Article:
If your dog will be asked to get up on a chair for petting, make sure you practice this as many dogs aren’t used to getting up onto anything except sofas and comfy chairs. A straight backed chair may present a new set of challenges depending on the footing your dog has to jump from as well as his balance on the chair.
Good luck 🙂
TEST 8: REACTION TO ANOTHER DOG
The test entails: “This test demonstrates that the dog can behave politely around other dogs. Two handlers and their dogs approach each other from a distance of about 10 yards, stop, shake hands and exchange pleasantries, and continue on for about 5 yards. The dogs should show no more than a casual interest in each other.”
Well I have an interesting story to tell about this exercise! Recently (just this week) I was teaching a class (6 dogs & handlers) and a number of the dogs had reactivity issues i.e. highly aroused in the company of new dogs. And one dog in particular was so reactive/distracted that he was often somewhat partitioned off from the rest of the class with some ring gating. So, how would I introduce this exercise???
At the club we have several not quite life size, but close, stuffed animals. I decided to bring out the Old English Sheepdog (OES) as my companion “test” dog. To give you the full picture let me describe the OES — his head is slightly turned to the left, so I made sure his eyes were averted away from the approaching real dog, as eye contact can be seen as a challenge. He also has a slightly forward posture which could be construed as an offensive position, otherwise he has a largely white head, gray ears, and gray with white body & bobbed tail. He only stands about 18 inches tall, and remember he’s STUFFED. Well, the uproar created when I put him on the floor was truly chaotic! Three of the dogs, with some minor difficulty, were able to walk by us (one of the 3 success stories was the dog from behind the partition!). The remaining three each received multiple tries with no success. As a last resort I placed a cone at the mid point between us and one at a time asked the handlers to walk their dogs up to the cone, ask for a sit. Once successful I allowed them to release their dogs to come see the OES. Needless to say they were each very inquisitive.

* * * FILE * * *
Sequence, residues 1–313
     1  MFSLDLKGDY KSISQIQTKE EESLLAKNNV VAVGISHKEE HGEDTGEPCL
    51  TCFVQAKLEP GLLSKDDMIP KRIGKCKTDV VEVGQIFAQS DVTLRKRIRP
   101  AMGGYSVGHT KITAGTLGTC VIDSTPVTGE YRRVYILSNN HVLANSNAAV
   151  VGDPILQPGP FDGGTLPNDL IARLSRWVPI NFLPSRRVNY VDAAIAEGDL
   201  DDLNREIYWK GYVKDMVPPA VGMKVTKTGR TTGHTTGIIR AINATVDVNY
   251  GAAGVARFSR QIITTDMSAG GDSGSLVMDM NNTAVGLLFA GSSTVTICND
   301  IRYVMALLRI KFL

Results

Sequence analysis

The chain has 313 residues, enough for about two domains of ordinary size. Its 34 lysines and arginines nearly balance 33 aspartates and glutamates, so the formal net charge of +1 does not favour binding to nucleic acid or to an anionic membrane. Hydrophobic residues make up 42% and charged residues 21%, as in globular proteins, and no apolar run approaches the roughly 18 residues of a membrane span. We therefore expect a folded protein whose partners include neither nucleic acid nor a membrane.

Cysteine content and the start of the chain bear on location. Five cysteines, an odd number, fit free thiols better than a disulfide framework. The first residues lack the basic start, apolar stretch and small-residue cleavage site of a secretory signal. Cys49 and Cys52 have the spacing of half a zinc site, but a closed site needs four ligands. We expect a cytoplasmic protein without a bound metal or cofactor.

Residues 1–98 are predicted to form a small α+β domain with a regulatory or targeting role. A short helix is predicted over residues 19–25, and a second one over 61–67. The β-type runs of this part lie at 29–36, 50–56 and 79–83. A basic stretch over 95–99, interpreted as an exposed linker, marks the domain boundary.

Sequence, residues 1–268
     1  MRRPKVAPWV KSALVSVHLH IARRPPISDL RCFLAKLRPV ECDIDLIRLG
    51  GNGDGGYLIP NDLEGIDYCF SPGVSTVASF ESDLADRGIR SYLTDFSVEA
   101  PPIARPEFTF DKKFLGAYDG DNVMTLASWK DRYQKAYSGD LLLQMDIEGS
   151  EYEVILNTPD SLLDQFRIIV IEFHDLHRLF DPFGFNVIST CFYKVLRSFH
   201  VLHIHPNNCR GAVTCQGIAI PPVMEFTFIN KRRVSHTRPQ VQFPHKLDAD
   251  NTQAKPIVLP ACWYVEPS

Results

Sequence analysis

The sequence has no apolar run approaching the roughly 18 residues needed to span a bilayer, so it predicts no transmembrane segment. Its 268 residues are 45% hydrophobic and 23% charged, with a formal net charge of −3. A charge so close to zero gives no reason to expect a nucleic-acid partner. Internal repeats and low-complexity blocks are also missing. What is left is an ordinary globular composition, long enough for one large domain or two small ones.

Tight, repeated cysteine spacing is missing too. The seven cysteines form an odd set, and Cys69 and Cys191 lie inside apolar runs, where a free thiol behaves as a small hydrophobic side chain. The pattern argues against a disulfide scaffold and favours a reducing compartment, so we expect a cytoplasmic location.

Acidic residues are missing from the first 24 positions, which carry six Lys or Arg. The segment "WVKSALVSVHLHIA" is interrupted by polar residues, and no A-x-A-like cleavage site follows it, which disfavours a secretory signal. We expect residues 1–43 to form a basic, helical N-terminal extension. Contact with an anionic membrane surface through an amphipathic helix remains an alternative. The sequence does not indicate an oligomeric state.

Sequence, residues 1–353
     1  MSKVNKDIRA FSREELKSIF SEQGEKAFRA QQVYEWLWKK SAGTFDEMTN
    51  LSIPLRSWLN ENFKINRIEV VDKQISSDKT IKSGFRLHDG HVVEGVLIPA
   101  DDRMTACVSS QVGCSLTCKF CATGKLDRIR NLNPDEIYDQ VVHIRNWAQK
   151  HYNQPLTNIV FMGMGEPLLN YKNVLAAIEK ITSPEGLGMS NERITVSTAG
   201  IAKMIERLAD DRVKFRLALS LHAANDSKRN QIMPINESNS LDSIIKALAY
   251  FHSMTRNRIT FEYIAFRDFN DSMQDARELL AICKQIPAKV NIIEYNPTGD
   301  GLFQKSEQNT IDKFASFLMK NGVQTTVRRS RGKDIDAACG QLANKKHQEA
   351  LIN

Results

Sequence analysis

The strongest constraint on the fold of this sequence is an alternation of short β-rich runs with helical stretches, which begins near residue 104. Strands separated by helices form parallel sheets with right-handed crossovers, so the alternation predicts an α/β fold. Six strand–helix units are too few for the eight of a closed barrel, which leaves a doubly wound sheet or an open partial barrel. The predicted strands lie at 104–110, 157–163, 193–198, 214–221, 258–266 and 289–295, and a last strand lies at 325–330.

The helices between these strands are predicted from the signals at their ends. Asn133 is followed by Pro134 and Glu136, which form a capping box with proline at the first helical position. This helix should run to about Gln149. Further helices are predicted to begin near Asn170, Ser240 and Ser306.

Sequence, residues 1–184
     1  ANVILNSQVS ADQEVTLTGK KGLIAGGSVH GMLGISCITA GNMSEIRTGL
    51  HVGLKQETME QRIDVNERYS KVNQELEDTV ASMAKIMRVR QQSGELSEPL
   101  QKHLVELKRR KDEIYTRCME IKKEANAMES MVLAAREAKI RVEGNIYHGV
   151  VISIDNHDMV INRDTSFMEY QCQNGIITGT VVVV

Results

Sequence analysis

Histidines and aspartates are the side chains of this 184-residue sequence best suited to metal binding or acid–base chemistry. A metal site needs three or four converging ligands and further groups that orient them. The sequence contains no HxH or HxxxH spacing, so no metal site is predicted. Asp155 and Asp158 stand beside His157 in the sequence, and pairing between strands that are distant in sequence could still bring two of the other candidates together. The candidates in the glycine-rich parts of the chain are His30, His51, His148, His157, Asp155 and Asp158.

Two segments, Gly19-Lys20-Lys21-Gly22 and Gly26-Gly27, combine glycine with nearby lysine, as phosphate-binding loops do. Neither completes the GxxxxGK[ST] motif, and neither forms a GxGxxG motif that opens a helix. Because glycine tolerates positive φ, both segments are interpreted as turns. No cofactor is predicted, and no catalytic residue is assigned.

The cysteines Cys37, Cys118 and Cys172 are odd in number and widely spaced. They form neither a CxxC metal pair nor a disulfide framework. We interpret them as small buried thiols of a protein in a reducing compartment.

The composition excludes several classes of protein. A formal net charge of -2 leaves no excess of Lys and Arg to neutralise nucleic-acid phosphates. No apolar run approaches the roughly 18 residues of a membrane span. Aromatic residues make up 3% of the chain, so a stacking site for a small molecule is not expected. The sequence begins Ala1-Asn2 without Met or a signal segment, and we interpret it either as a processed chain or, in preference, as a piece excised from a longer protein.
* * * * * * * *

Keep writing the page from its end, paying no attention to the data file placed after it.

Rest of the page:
I haven’t determined exactly how I’ll approach the subject next week, but we’ll see.
Let me describe how I usually start training this exercise with non-reactive dogs:
I set up 4 cones (A,B,C,D) creating a rectangle approximately 15 feet wide by 30 feet long. I then place a 5th cone (X) in the middle of the rectangle, see below. I set one handler & dog on the outer side of cone A, heading toward B, and the other handler & dog on the outer side of cone D, heading toward C.
The handlers are to walk in a straight line from A to B or D to C, only stopping on that straight line at approximately the middle, indicated by X. They DO NOT come to the middle. If their dog starts to pull as they start walking forward (the other dog is also moving) I ask them to use penalty yards (dog loses forward progress) until they can get their dog’s attention back. When they stop in the middle of their straight line I ask them to cue their dog to sit and stay. While keeping a peripheral eye on their dog the handlers are to say hi to their neighbor. If their dog makes any movement to get up, they must immediately ask for the sit again. Once the “hi” has been completed I ask them to continue on to the next cone.
Only as the teams become successful do I decrease the distance between cones A&C and B&D. The decrease is done very gradually over time. Only when the dogs can do this exercise successfully with their owners within two feet do I ask the handlers to shake hands.
In the TDI test there will be a center line (leash, chalk mark or whatever) the Handler with the testing dog will be on one side and the greeter dog on the other. Neither dog should cross that line. If the testing dog crosses the line it will fail the test.
I hope this was helpful 🙂